Iowa's Josh Jackson: No bluster, just belief

Iowa cornerback is deserving finalist for Jim Thorpe Award

Iowa cornerback Josh Jackson intercepted three Ohio State passes wearing this alternative uniform. (Brian Ray/
Iowa cornerback Josh Jackson intercepted three Ohio State passes wearing this alternative uniform. (Brian Ray/

IOWA CITY — Josh Jackson is full of self-confidence, but lacking in self-promotion.

In a seemingly bold admission Tuesday by someone who had one career start before this season, the Iowa junior cornerback said winning the Jim Thorpe Award was a preseason goal of his.

That’s a big aspiration, aiming to be named the nation’s top defensive back. But he won’t tell you he is the one who deserves it most among the three finalists. No, he definitely will not.

“I really don’t like to talk about myself,” Jackson said. “I’ll answer questions. But I don’t like to give myself too much praise, if that makes sense.

“I just never really liked being the center of attention, being the class clown or anything like that. I stay in my lane.”

Jackson’s on-field heroics have forced a spotlight upon him. Monday’s announcement that he was a Thorpe finalist was no surprise. It would have been news had he not been one, as it was when the Hawkeyes’ Josey Jewell was excluded from the list of five finalists for the Butkus Award that goes to the nation’s top linebacker.

As great as Desmond King was two years ago as the Hawkeyes’ junior cornerback who won the Thorpe Award, Jackson has been as good and perhaps a wee bit more this season. His 17 pass breakups rank third in the nation, and his seven interceptions puts him atop that chart.

Never has an Iowa defensive back had better games in succession, and against premier opponents. It was all-time stuff what Jackson did in picking off three J.T. Barrett passes in Iowa’s 55-24 blitzing of Ohio State on Nov. 4, followed by his two interception returns for touchdowns for all of the Hawkeyes’ scoring in their otherwise-abysmal 38-14 loss at Wisconsin.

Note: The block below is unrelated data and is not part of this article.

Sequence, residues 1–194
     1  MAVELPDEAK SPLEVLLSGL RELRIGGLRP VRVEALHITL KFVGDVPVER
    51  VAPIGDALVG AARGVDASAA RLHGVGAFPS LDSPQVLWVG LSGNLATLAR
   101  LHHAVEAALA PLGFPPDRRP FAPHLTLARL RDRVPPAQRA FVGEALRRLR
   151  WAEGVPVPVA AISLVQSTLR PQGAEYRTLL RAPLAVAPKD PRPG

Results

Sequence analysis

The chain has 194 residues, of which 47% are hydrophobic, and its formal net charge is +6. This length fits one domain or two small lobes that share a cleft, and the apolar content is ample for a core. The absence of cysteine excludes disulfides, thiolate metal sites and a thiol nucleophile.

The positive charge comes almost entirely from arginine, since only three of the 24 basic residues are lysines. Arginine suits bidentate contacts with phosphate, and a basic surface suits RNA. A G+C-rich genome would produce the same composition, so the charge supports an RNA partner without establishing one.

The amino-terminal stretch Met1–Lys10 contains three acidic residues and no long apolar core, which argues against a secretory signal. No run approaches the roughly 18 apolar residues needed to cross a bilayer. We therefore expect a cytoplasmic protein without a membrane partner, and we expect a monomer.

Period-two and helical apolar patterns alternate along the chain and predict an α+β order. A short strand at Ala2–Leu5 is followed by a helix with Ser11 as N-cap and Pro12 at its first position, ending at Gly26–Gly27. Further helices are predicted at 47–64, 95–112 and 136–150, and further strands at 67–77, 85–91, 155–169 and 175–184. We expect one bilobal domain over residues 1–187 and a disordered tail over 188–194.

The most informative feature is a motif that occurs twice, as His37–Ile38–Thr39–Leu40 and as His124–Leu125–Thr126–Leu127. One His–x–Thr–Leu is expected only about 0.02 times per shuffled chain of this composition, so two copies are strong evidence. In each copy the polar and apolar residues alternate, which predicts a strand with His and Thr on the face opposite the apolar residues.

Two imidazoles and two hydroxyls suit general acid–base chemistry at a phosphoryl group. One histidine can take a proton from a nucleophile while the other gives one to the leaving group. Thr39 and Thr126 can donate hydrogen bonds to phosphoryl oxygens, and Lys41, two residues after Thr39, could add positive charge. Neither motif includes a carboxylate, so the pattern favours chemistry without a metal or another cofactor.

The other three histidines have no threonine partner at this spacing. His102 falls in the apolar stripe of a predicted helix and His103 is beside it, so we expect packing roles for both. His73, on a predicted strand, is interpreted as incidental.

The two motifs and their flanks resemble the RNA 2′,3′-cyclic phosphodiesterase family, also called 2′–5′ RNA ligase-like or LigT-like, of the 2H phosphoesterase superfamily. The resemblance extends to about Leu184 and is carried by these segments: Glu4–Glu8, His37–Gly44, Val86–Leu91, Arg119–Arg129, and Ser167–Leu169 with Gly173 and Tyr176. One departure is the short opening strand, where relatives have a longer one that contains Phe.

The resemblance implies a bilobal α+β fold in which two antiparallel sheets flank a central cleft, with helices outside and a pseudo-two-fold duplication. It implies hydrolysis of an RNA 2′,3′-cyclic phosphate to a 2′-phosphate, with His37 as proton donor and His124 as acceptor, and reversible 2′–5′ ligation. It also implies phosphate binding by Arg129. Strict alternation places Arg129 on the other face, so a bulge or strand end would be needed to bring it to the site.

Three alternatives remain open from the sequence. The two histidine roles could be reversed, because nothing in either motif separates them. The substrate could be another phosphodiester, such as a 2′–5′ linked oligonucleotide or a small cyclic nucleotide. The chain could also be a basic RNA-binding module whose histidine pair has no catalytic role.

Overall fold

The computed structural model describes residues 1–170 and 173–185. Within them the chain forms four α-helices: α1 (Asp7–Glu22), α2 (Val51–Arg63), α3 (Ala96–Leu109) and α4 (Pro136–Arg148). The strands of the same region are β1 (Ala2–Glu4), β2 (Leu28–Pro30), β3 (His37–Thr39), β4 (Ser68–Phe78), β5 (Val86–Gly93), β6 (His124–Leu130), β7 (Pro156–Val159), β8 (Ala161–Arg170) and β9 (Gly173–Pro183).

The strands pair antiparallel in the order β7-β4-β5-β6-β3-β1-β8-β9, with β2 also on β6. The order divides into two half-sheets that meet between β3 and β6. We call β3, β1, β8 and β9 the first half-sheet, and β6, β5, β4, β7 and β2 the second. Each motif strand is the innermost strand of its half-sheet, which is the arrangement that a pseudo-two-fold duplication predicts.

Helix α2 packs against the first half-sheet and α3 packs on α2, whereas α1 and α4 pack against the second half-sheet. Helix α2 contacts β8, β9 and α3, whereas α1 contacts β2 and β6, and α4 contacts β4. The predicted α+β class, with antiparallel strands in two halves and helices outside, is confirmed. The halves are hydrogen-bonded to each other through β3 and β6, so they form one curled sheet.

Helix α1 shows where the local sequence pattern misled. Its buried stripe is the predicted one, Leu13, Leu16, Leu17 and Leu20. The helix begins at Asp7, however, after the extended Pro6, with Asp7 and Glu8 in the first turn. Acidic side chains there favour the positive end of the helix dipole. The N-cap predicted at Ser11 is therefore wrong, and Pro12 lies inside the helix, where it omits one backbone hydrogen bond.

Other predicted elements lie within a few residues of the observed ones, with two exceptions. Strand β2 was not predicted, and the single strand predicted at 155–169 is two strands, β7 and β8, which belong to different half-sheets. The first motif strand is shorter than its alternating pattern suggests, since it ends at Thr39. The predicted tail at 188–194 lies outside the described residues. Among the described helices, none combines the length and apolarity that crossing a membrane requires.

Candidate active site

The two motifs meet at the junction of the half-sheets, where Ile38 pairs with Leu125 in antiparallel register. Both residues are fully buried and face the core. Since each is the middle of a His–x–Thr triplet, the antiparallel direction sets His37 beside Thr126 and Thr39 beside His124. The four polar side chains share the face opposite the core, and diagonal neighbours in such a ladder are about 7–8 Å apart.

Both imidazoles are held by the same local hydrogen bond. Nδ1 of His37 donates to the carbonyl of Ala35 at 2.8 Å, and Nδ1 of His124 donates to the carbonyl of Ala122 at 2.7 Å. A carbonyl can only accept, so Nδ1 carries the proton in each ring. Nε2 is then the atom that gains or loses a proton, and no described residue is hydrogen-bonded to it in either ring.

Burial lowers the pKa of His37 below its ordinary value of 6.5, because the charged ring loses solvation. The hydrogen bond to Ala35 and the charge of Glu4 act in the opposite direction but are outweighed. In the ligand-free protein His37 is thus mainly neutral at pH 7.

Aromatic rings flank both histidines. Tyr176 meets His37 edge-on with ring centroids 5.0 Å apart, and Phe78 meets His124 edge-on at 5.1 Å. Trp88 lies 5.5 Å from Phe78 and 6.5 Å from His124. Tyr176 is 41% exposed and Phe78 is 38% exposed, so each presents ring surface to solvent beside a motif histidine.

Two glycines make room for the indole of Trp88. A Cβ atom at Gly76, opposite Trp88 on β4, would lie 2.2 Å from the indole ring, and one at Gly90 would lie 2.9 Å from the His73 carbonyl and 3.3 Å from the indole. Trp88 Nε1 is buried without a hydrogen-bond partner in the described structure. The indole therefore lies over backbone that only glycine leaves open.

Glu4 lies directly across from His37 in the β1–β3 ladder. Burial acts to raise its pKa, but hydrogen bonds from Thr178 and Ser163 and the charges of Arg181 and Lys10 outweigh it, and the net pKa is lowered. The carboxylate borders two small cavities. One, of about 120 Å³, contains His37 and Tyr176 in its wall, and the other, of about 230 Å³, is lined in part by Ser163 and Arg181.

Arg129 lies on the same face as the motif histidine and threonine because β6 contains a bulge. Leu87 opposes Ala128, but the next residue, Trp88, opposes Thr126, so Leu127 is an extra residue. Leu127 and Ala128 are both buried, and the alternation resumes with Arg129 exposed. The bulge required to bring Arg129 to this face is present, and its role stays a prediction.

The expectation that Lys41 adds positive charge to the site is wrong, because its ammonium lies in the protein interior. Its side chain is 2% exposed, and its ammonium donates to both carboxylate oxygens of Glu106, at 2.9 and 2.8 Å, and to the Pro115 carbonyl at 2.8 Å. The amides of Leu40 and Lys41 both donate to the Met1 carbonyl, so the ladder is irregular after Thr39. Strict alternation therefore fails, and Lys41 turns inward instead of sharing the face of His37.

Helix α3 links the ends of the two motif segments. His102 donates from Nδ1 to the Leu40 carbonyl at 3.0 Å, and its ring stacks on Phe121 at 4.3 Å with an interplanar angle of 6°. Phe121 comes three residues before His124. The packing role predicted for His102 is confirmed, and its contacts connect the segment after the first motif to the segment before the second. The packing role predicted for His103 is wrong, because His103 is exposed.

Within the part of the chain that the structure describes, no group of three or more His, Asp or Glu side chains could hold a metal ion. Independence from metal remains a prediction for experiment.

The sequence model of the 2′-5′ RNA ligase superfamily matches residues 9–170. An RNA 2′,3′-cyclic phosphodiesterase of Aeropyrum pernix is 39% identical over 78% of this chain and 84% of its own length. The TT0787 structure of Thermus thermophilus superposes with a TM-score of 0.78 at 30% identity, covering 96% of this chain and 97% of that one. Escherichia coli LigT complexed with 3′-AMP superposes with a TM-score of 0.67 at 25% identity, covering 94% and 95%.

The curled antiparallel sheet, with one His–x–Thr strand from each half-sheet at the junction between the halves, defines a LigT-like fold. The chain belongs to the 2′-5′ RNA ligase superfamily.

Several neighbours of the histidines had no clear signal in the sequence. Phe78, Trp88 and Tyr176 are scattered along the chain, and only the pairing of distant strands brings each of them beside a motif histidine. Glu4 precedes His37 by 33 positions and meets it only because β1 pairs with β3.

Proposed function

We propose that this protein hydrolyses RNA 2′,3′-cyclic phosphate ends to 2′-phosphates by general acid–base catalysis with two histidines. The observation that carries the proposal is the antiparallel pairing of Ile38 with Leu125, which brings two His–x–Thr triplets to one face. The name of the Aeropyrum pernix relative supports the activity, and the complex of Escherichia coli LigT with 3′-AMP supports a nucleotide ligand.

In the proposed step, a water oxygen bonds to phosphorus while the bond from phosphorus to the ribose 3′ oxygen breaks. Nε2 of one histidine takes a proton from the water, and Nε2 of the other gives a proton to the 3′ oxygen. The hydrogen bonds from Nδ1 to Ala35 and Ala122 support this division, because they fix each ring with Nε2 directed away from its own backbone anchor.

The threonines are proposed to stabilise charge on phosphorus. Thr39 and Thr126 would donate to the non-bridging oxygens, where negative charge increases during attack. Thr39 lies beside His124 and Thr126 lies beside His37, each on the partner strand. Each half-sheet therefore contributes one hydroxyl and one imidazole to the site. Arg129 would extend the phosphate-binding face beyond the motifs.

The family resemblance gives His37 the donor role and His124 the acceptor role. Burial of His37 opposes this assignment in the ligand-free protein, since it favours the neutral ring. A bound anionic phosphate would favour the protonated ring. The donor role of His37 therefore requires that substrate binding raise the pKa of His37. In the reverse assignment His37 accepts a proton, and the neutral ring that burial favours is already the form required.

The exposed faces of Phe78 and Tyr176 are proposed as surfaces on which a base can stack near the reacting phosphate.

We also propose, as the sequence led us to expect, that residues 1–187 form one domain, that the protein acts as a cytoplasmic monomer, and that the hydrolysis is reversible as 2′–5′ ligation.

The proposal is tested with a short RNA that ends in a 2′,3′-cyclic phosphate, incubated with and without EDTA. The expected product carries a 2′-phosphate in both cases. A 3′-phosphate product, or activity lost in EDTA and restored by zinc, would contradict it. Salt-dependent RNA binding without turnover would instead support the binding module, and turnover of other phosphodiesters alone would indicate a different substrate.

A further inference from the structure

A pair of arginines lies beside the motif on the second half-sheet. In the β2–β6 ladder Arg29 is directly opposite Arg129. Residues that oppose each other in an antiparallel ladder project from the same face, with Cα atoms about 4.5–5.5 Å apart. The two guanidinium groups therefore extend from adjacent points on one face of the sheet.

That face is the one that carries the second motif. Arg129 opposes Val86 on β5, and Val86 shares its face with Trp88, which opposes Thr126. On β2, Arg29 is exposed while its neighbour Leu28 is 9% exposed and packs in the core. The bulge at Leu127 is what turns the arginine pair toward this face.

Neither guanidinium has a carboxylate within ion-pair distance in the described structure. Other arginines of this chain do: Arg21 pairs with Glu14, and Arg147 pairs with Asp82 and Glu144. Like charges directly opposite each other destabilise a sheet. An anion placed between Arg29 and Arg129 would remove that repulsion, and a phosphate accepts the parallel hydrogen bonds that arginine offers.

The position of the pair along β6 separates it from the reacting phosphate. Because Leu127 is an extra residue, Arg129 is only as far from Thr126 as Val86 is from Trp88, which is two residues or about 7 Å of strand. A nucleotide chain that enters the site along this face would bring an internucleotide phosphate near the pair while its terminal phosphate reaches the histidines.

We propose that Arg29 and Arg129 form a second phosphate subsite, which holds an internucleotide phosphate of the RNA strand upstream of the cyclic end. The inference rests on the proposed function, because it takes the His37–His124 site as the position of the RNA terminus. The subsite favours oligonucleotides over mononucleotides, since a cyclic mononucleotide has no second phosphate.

But breaking up passes has been a season-long thing for Jackson. Purdue almost got burned badly by him once last Saturday before waking up and realizing it was much better off trying to pick on other Hawkeye corners.

The other Thorpe finalists are Texas’ DeShon Elliott (6 INTs, 8.5 tackles for losses, 5 passes broken up, 3 forced fumbles) and Alabama’s Minkah Fitzpatrick (1 interception, 6 passes broken up, 5.5 tackles for losses, and the helpful Alabama affiliation). Fitzpatrick is one of three finalists for the Chuck Bednarik Award, given to the nation’s top defensive player.

“That’s cool to be added to the list,” Jackson said. “(Winning the Thorpe) was a goal I had at the beginning of the season and it’s almost true and it’s close to being there.”

“It’s cool, but I just want to make sure I don’t get distracted by it going into Nebraska.”

Nebraska is pass-happy, which means Jackson will have a chance to showcase his skills against a trio of high-quality receivers, Stanley Morgan, J.D. Spielman and De’Mornay Pierson-El, though Spielman is questionable with a shoulder injury for Friday’s game in Lincoln. They have a combined 151 catches.

Huskers quarterback Tanner Lee has 21 touchdown passes and 13 interceptions. Jackson surely is cognizant of both statistics.

If he gets an interception in Friday’s game in Lincoln to tie the team-record for picks in a season, Jackson will do what he’s done after his other seven.


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“I’m not a big celebrator,” he said. “Yeah, I’m happy inside. But I just like to act like I’ve been there before. I’m supposed to intercept passes. I’m supposed to knock down balls.”

The obvious question for Jackson is if he’ll turn pro after this season. It’s not a subject he’s comfortable addressing.

“I want to make sure I finish the season out strong, then I’ll talk about it and things like that,” he said.

“I don’t really get much NFL talk from my family and friends. I let them know I want to stay focused.”

Jackson is such a good story. Whether he wins the Thorpe or not, he will represent Iowa well in Atlanta when the National College Football Awards Association honors are handed out on Dec. 7.



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